Sunrise was at 7:14, sunset will be at 7:21. We're getting closer and closer to the equinox. I'm so excited about this! There is something so elemental, so very pagan, about the changes in the season. I have lilac blossoms that look like little clenched fists the color of new bruises, an extremely fuschia-colored something out in the yard, birds chirping at 5 am, when it is still really dark. They must be able to feel the change in the air as the sun warms it into a slight breeze. Or something, anyway, maybe it's really all the early workers gunning their motors coming up the hill.
I was out early this morning filling the water feature pool and scared a hummingbird right off the bubbler. I think, of all the decisions we've made in our lives, besides that very first one where I asked to sit at Dennis' table at Max's Tavern, the water feature in our back yard was one of the best. We get so much happy-happy watching the birds flit in and out of the bubblers and bowls and we share the sound with our neighbors.
Ah, so many books to read. It's hard to choose just one, so I don't. I know there are many of us out there, samplers of first chapters, searching for the book that claims your day, the one you finally can't put down.
I have The Brixton Brothers: The Case of the Case of Mistaken Identity (Simon & Schuster), a middle grades book by Mac Barnett, illustrated by Adam Rex (the team that brought you Billy Twitters and his Blue Whale Problem)on the desk next to me (and it is FUN! Can't wait to go eat breakfast so I can keep reading).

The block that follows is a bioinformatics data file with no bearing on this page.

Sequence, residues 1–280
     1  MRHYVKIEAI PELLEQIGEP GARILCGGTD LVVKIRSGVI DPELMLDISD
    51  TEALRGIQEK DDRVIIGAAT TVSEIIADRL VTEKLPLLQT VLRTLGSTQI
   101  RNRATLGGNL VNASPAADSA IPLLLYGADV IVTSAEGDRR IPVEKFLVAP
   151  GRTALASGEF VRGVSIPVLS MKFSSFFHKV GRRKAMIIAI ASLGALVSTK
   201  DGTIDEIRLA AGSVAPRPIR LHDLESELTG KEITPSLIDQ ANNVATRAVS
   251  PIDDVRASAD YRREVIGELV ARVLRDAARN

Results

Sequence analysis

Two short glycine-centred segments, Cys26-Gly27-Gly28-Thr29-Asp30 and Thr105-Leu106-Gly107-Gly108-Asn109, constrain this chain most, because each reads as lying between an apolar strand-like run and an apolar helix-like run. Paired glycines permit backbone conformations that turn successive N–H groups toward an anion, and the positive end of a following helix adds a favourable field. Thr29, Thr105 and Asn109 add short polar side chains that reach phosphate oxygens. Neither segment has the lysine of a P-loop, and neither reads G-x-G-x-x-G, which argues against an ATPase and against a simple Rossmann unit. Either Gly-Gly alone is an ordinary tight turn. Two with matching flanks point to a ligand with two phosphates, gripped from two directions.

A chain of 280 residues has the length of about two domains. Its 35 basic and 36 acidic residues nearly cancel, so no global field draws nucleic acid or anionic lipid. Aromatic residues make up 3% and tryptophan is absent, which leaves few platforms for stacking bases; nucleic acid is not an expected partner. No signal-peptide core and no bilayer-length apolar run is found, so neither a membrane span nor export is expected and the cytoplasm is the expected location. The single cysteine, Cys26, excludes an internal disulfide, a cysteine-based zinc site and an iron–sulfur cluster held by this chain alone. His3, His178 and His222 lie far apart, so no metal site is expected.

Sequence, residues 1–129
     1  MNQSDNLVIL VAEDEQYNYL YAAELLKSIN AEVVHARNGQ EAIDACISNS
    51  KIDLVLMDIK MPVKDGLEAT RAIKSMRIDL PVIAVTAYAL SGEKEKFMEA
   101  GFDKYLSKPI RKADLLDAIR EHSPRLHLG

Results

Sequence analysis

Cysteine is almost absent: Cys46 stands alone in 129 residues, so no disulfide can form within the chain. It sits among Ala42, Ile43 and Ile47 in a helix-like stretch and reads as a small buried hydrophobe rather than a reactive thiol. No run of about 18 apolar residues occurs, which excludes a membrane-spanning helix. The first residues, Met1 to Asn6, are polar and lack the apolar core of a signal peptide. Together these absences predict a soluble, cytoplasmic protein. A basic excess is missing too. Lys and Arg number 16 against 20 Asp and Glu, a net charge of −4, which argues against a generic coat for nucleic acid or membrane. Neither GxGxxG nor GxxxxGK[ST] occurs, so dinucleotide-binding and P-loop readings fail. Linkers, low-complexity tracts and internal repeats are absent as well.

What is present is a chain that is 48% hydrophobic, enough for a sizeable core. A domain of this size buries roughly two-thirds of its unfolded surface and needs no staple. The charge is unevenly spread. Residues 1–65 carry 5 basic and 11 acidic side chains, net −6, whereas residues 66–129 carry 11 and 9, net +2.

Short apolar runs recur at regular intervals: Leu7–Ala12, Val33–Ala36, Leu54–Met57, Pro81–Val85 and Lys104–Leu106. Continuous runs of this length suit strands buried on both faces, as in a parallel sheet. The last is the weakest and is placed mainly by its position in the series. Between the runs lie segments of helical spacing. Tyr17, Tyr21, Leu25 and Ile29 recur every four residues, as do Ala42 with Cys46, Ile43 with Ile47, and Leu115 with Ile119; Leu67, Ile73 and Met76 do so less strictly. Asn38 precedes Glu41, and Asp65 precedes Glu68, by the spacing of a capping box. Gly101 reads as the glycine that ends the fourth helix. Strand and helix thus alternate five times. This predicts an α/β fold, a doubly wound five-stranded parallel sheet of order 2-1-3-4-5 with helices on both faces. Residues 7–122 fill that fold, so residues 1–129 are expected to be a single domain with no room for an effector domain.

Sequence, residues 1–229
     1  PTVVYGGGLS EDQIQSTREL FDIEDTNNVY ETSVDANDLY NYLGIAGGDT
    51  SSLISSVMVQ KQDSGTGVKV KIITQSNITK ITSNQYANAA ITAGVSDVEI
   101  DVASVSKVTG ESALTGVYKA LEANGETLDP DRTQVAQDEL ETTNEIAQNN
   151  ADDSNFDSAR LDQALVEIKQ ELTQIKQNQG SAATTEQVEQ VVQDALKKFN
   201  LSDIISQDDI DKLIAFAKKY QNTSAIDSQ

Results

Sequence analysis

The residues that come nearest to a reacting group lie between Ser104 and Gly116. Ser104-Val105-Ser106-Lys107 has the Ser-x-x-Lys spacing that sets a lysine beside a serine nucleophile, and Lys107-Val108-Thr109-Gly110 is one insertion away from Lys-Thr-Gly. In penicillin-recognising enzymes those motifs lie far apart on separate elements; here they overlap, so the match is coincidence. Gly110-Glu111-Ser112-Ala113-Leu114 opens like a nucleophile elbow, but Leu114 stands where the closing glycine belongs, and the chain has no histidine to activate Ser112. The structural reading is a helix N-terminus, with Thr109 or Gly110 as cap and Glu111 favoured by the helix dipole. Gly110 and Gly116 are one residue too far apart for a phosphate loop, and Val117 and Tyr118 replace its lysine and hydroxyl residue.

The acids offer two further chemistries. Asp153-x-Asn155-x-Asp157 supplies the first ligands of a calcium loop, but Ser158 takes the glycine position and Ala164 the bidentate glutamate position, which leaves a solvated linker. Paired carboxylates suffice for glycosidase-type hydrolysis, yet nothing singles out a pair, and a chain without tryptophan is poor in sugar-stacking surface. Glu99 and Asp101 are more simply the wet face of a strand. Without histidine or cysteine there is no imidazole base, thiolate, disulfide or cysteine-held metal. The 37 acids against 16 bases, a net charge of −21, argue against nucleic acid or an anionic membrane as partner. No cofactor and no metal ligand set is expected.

I am 60 or so pages into Vellum, (Del Rey), by Hal Duncan, which is lying next to the bed, and I am only just now beginning to even care about the people in it. Should I keep going? Nancy Pearl would say 100 pages...I don't know- with so many other books needing read, I may just wait to continue reading it. The problem is that it's not a book you can read at the end of the day, very complicated science fiction, but I don't have enough time to read it in a chunk, which is what I think it needs.
I started Ann Lamott's new book, Imperfect Birds (Riverhead), and it made me so tense I had to put it down, it is still in the bathroom where I can read a little here and a little there until I get invested enough or hardened enough to what is sure to come to finish it.
The downstairs bath has a new book for teens in it called Folly, one of a couple of books I am reading to discuss with the publisher. I have a stack of books on the floor next to my desk to review for a couple of awards committees I'm on, another stack by my chair for reviewing for my newsletter and for this blog. My book group book for April is Sounder. Isn't it funny how the moment a book goes onto a list or a pile that has to be read, even if you want to read it, it feels like homework?
So, with all those things that need reading (and soon!), I still search for something that resonates immediately, something I can slip into like a bath, coming to the end with a startle, suddenly thrust back into an bigger, brighter world of dishes and laundry, a world somehow made more worthy by the addition of this pile of paper and type. And then, maybe even minutes later, off on the search again, a paragraph here, maybe a whole chapter there, reading on the fly (extreme reading!), looking for another story to highjack my brain for a bit.